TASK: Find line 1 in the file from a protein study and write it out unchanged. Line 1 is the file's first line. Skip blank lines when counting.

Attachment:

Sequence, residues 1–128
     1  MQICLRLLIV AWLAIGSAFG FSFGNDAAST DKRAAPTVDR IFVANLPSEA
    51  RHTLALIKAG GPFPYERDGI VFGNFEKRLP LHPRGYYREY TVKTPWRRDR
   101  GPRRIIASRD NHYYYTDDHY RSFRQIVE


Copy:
Sequence, residues 1–128